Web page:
2013 was a big year for responsive design. In fact, if you read around the Web a bit you might hear that 2013 was the “Year of Responsive Design”. That might be true — around the turn of last year, there were major sites coming out with responsive designs, like Time Magazine or Mashable (and frankly, thousands of others). If nothing else, 2013 was the year of responsive design going mainstream, even becoming something designers and consumers just expect to see. That’s pretty hot.
2013 was also a big year for responsive tools: Foundation 4 came out in February, Bootstrap 3 came out in August and Foundation 5 came out just a few months ago. Yahoo! got in the game in May with the release of Pure, and the team at Thoughtbot has continued to push Bourbon Neat. There were new plugins, polyfills and practices that became popular in 2013. In general, building responsive sites has never been easier or had more powerful tools.
So let’s prognosticate a bit: what should we expect to see in 2014 in responsive Web design?
Smarter Responsive Design
2014 will be a year full of a much better and deeper understanding about how we build and optimize sites for any device. Responsive sites have always suffered from varying degrees of optimization issues, but we’re getting a bit better about the tools now, and best practices are starting to emerge and standardize. Things like the now ubiquitous “hamburger” nav icon and off-canvas panels are becoming relatively common and genuinely work well responsively.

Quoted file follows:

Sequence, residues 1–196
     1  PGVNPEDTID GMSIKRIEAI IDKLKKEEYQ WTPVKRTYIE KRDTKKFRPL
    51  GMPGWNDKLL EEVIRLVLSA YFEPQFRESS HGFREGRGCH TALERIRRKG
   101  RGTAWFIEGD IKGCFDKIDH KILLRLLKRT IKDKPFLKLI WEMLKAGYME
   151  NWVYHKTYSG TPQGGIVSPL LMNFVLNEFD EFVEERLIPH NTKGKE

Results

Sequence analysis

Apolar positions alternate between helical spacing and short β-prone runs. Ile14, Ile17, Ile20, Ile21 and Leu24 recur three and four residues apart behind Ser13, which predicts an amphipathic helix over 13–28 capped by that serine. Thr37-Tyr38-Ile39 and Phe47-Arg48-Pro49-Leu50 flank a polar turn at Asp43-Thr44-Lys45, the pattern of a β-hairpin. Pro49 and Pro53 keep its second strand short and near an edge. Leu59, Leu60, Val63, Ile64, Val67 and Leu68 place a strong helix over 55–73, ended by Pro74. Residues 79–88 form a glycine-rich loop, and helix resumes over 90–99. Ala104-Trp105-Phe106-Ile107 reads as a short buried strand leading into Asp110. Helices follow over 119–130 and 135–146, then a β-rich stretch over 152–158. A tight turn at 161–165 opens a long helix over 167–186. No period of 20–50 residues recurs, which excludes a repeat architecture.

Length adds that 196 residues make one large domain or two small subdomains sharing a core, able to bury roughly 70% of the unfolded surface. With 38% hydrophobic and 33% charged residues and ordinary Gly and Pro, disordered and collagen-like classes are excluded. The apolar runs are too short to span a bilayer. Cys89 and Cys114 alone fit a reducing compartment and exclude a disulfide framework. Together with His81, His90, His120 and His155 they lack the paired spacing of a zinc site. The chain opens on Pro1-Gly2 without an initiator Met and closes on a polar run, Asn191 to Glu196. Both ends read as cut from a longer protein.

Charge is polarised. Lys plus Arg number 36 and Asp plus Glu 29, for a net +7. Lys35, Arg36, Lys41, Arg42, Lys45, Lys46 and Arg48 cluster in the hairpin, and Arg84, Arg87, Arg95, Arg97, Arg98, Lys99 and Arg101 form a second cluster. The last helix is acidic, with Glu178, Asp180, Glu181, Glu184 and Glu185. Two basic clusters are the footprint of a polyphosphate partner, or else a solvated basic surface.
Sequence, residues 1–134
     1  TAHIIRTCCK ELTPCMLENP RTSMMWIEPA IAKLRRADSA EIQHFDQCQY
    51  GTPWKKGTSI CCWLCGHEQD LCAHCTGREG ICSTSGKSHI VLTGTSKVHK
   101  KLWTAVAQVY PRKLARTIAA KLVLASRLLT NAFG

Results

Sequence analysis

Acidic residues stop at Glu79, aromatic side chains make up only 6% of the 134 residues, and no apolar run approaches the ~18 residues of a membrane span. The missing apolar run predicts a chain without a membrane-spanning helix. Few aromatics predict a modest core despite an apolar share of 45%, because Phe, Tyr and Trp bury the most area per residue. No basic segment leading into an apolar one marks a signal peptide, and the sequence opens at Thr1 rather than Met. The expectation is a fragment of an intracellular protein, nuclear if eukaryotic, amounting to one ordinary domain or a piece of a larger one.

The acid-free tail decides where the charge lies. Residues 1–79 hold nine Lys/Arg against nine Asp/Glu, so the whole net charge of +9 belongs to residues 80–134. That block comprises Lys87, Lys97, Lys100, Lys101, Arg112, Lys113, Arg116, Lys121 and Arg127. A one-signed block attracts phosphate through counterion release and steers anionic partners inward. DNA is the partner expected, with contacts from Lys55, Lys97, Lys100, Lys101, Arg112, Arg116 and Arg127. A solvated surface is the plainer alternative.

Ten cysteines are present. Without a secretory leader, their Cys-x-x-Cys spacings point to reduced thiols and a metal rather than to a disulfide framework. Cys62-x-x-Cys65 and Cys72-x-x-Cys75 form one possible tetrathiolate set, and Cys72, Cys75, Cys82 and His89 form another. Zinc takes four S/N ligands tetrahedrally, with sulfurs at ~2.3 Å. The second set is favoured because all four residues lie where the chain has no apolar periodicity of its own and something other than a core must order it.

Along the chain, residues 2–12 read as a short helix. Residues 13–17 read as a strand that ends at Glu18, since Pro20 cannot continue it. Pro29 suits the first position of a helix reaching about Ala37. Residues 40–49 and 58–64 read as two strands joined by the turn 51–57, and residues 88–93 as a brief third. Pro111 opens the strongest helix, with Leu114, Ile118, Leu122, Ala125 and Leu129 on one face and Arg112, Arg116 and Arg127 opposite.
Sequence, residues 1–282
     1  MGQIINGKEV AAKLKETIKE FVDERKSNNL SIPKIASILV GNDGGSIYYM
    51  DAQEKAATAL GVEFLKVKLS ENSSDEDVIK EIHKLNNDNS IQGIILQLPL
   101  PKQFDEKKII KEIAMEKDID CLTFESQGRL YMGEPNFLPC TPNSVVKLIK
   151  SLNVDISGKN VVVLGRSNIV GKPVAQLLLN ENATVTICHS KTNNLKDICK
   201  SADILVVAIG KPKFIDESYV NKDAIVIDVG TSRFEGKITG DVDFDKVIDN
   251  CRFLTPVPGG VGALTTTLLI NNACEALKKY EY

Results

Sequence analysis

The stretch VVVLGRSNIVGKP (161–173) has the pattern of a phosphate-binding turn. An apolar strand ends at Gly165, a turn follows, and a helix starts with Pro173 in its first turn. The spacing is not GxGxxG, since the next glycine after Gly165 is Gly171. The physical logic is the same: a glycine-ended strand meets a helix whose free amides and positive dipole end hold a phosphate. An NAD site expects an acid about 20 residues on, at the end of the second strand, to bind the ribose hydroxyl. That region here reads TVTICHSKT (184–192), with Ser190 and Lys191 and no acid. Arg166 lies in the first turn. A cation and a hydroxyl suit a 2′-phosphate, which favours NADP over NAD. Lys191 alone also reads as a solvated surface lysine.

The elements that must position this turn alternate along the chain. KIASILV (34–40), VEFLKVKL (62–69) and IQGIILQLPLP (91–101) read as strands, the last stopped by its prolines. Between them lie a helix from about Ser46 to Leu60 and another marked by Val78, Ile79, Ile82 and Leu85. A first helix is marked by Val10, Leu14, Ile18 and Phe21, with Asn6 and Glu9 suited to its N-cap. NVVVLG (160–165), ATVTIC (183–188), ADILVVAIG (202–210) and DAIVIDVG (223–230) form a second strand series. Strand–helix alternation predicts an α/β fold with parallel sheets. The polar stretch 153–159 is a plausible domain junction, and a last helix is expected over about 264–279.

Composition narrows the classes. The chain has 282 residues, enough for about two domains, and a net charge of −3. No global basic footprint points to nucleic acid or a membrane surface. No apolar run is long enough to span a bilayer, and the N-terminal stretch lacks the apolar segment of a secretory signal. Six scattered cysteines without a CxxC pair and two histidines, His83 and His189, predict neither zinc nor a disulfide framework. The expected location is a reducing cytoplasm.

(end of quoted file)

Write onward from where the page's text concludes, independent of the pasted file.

Device capability detection, selective loading of assets and media, better optimization for device speed and hardware. These are all going to be better explained and much easier to implement with new tools and plugins.
Greater Device Agnosticism
Device classes have always been hard to pin down, but the stereotypical mobile-tablet-desktop paradigm is going to completely fall apart in 2014. We already have devices that fall neatly between what we commonly consider to be a phone and a tablet, or tablet and desktop. But now we also have wearable computing (watches, heads up displays … who knows, maybe we’ll see the long-rumored Apple watch). There’s also smart TVs and other home media appliances that are Web-enabled.
We’ll see responsive design move even further into truly device-agnostic design. That means we can plan for devices that don’t exist yet more cleanly, as well as take better advantage of specific capabilities and constraints.
It would hardly be us if we didn’t talk about what’s to come for frameworks, like Foundation. The area we see with lots of opportunity in 2014 are complex tools with many components and means of input, as well as trickier data models to display. So far responsive design has been used in large part for marketing or content sites, not complex apps. To get the ball rolling, we’re rebuilding all of our Product Design Apps to be responsive and built on Foundation. Our plans include placing a number of Web-app centric components and plugins in Foundation. That will make building a complex app as straight-forward as creating a marketing site or simple content page.
2014 is going to be a big year in responsive design. So with that, we want to welcome you to the New Year! For more information check out our website Bosscher Design